Following Serbia’s victories in the two Balkan Wars, Serb irredentists turn their attention to prying Bosnia away from Austria-Hungary and plot the assassination of the Austrian Crown Prince.
(In the above photograph of modern Sarajevo, we see the river flowing through the center of the city. On June 28, 1914, the motorcade transporting Archduke Ferdinand was traveling east (down, as the photo is oriented) along the Appel Quay on the north (right) bank of the river. As the motorcade passed the first bridge at the top of the photograph, the bomb was thrown. Gavrilo Princip was at that time waiting at the end of the Latin Bridge, which is the second bridge from the top of the photo.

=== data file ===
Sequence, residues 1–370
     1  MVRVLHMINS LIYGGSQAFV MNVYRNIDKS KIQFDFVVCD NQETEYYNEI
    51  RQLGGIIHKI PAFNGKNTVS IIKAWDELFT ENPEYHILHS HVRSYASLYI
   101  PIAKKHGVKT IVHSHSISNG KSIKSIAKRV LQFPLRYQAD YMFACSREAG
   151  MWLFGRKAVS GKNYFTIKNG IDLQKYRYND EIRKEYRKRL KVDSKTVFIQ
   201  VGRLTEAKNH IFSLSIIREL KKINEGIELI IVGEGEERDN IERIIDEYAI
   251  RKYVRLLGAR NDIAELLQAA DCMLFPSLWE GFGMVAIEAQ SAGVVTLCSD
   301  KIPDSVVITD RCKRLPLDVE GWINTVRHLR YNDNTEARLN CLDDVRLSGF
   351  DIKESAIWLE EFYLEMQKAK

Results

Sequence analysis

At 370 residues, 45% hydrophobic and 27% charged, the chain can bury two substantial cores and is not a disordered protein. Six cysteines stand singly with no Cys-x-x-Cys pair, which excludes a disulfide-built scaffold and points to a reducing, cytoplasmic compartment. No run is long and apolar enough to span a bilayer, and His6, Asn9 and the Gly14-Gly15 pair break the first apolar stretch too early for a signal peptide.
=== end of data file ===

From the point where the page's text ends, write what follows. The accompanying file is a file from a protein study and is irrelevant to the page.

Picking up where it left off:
(After the bombing, the motorcade proceeded to the Sarajevo town hall, which is the red and yellow building on the lower right of the photo. Princip moved to the opposite side of Appel Quay (behind the large tree in the upper right of the photo) to catch the motorcade on the way back. After the stop at the town hall, the motorcade went back the way it came, west (up) the Appel Quay and made a right turn where Princip was waiting.)
Four Romantic Pieces, Op. 75, No. 1
Composed in 1887 by Antonín Dvořák. Public domain.
Performed by Roxana Pavel Goldstein (violin) and Monica Pavel (piano). Used pursuant to a Creative Commons CC BY-NC-SA 3.0 license. Source.
Strauss Waltz Medley
Composed by Johann Strauss Jr. Public domain.
Performed by the United States Air Force Band. Public domain recording. Source.
Except when otherwise indicated, the contents of this podcast are © and ℗ 2016, 2017 by Mark Painter, all rights reserved. Some music and sound effects used by arrangement with Pond 5. Above image by Julian Nitzsche and used pursuant to Creative Commons CC BY-SA 4.0 license.